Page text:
There is nothing quite like the allure of a fresh start. Isn’t that why many of us make New Year’s resolutions? We toss away 2018. The smoke from the fireworks clear and our calendars literally offer a clean slate.
When we get down to it though, New Year’s resolutions are arbitrary. They set us up for failure because they are usually proclamations of perfection. And perfection is impossible.
Besides, every week, month, day, hour, minute, and moment offers us a fresh start. January may feel like the perfect time because of the excess of the holidays. There are no big parties until Valentine’s Day or Super Bowl Sunday. It’s relatively calm again after the flurry of Hallo-Thanks-Han-Chris-NewYear – essentially 3 months of a preparation-celebration-clean up cycle if you are a parent.
Carving out time for ourselves is critical, but setting unrealistic expectations is maddening. Resolving to work out every day when you have a child that doesn’t sleep isn’t being fair to you. There will be days when a nap is far better for your wellbeing than going for a run. Trying to fulfill your eating clean resolution while staying at the hospital with your child is nearly impossible. Declaring 2019 the year you get organized only to find your calendar filled with IEP meetings and doctors’ appointments is defeating from the get-go.
Life is messy; a beautiful disaster if we’re lucky.
A dear friend messaged me an iconic Joan Rivers quote this morning, “I wish I could tell you it gets better. It doesn’t get better. YOU get better.”
The first step in us getting better is being kind to ourselves. Forget that be kind to others nonsense. Be kind to YOU. When you are kind and forgiving to yourself, you have the energy to be kind and forgiving to others.
Just this morning I was in a foul mood. Awful. Grumpy to my husband. I snapped at my 6-year-old. I was angry because it feels like the world is on my shoulders and I’m not handling anything well. After a long drive to my 8-year-old’s monthly treatment I realized I was angry because I can’t do it all. Literally, there is too much. It is suffocating. And instead of recognizing it’s hard and letting the things go that I can, I’m unleashing my anger on the ones I love. Being angry and nasty to others because I’m mad at me.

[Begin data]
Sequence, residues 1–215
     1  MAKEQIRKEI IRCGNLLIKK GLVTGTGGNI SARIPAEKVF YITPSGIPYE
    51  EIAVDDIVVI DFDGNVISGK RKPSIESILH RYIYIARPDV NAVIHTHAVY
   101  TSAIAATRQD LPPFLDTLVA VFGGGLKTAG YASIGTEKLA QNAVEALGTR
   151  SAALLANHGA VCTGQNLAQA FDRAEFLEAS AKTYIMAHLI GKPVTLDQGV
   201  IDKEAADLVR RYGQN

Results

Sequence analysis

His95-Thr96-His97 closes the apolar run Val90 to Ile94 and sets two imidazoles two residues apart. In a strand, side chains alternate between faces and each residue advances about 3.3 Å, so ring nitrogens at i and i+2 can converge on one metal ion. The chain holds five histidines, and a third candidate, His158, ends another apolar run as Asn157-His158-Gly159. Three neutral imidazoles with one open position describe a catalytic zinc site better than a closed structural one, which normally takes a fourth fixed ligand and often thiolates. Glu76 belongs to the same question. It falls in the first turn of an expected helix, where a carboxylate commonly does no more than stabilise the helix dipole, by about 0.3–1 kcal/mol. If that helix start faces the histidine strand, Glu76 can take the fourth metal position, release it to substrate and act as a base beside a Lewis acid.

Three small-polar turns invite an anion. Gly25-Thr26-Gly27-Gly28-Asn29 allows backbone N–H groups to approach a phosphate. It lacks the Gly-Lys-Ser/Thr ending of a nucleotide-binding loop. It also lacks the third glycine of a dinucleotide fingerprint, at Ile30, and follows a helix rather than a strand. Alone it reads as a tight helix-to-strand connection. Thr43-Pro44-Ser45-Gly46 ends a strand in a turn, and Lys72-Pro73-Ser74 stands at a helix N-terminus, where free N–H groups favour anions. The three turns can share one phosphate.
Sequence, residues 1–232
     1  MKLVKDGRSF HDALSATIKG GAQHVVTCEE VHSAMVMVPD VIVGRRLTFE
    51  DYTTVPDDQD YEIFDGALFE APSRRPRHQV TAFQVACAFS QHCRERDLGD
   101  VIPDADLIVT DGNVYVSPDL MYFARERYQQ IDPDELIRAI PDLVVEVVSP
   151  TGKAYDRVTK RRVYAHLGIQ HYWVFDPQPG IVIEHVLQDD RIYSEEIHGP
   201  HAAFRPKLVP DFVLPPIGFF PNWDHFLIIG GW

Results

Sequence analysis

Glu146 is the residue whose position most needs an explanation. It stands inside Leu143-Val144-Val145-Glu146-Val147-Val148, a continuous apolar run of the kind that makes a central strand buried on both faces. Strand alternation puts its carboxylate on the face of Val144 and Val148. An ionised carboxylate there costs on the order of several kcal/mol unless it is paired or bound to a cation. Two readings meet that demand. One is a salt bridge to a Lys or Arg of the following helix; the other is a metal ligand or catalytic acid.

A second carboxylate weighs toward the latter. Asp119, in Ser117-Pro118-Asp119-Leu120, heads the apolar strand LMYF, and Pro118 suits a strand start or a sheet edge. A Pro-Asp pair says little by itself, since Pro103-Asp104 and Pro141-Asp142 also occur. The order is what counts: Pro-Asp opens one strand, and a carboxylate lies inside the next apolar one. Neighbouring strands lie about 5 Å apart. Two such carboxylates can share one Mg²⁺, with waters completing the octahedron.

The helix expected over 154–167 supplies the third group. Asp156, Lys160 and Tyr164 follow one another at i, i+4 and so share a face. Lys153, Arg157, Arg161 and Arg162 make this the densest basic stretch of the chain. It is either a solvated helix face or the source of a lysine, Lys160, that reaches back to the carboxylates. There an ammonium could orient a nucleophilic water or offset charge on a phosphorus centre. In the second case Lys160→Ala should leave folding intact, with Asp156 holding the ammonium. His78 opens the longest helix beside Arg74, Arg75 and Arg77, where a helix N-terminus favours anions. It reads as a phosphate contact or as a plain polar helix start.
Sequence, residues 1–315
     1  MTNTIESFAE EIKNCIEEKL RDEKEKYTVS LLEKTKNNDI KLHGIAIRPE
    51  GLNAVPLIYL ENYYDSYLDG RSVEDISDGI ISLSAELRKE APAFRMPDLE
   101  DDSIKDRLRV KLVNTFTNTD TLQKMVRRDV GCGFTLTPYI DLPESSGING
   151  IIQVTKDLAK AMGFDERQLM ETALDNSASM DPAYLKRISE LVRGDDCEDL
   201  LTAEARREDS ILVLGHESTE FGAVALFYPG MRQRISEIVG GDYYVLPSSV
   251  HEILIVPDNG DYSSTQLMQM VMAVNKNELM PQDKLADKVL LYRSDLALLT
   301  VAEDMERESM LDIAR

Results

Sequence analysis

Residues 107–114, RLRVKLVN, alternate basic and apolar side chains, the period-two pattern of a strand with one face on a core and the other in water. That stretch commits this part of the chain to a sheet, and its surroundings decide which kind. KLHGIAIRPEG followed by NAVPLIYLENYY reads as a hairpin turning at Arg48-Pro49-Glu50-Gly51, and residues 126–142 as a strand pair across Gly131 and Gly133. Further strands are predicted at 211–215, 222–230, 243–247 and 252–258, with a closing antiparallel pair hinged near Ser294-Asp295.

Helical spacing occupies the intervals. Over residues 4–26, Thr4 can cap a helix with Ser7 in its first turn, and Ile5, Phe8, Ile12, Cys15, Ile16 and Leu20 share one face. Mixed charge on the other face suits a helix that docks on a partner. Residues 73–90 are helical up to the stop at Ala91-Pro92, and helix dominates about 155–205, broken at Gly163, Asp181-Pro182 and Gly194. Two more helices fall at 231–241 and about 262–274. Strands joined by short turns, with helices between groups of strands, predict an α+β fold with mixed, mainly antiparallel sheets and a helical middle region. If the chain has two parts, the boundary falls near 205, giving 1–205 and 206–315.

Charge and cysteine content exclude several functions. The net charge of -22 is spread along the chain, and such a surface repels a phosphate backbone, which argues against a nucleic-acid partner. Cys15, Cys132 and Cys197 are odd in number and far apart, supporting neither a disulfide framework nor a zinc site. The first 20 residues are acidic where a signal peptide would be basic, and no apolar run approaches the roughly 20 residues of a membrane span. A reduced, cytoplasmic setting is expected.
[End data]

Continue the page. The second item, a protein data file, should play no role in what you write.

The solution is to be kind to myself. Recognize that nothing is going to get better. Acknowledge that I am doing my best. Realize my child’s teacher will understand if his monthly snack is missing. It’s OK if I forget to answer some emails. I don’t have to return every phone call. It’s OK if we run out of milk. Some days just getting by has to be good enough.
We are all doing our best. Many of us have children with complex medial needs. Some of us have to come to terms that we’ll outlive them. We see dozens of medical specialists. We are fighting for healthcare coverage. We are preparing for circumstances many parents never have to consider. We are handling extreme behavioral challenges. Then there is the regular life stuff: financial woes, job troubles, car troubles, marriage troubles, our own health issues. Some of us have sick, aging parents. It is a lot. Much of it will never get better.
But we get better. We learn to handle it better. And the best way to do that is to be kind to ourselves. Forgive ourselves. Forget perfection. Embrace the ones we love. But also love ourselves. We deserve it.
If we make being kind to ourselves our central focus, the other stuff will fall into place.